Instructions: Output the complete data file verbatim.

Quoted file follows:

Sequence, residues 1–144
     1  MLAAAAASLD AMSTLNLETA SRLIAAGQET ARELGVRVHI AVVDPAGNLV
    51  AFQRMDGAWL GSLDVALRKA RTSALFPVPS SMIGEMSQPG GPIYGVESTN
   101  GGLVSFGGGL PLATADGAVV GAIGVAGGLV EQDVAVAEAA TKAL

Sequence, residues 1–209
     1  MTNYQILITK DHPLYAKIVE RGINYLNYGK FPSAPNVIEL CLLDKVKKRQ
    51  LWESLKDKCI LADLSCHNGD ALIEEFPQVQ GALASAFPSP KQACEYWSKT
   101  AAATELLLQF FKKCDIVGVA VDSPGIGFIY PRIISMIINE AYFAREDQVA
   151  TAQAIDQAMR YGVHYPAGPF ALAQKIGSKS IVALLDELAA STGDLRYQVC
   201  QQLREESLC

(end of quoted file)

Sequence, residues 1–144
     1  MLAAAAASLD AMSTLNLETA SRLIAAGQET ARELGVRVHI AVVDPAGNLV
    51  AFQRMDGAWL GSLDVALRKA RTSALFPVPS SMIGEMSQPG GPIYGVESTN
   101  GGLVSFGGGL PLATADGAVV GAIGVAGGLV EQDVAVAEAA TKAL

Sequence, residues 1–209
     1  MTNYQILITK DHPLYAKIVE RGINYLNYGK FPSAPNVIEL CLLDKVKKRQ
    51  LWESLKDKCI LADLSCHNGD ALIEEFPQVQ GALASAFPSP KQACEYWSKT
   101  AAATELLLQF FKKCDIVGVA VDSPGIGFIY PRIISMIINE AYFAREDQVA
   151  TAQAIDQAMR YGVHYPAGPF ALAQKIGSKS IVALLDELAA STGDLRYQVC
   201  QQLREESLC